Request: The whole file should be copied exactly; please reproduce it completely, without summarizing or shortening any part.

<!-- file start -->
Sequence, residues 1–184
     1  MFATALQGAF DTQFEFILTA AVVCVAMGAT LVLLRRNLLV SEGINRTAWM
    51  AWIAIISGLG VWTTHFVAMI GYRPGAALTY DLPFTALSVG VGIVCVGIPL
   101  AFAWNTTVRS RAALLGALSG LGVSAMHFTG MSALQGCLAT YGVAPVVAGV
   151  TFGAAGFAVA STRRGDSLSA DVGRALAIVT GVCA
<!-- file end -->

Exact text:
Sequence, residues 1–184
     1  MFATALQGAF DTQFEFILTA AVVCVAMGAT LVLLRRNLLV SEGINRTAWM
    51  AWIAIISGLG VWTTHFVAMI GYRPGAALTY DLPFTALSVG VGIVCVGIPL
   101  AFAWNTTVRS RAALLGALSG LGVSAMHFTG MSALQGCLAT YGVAPVVAGV
   151  TFGAAGFAVA STRRGDSLSA DVGRALAIVT GVCA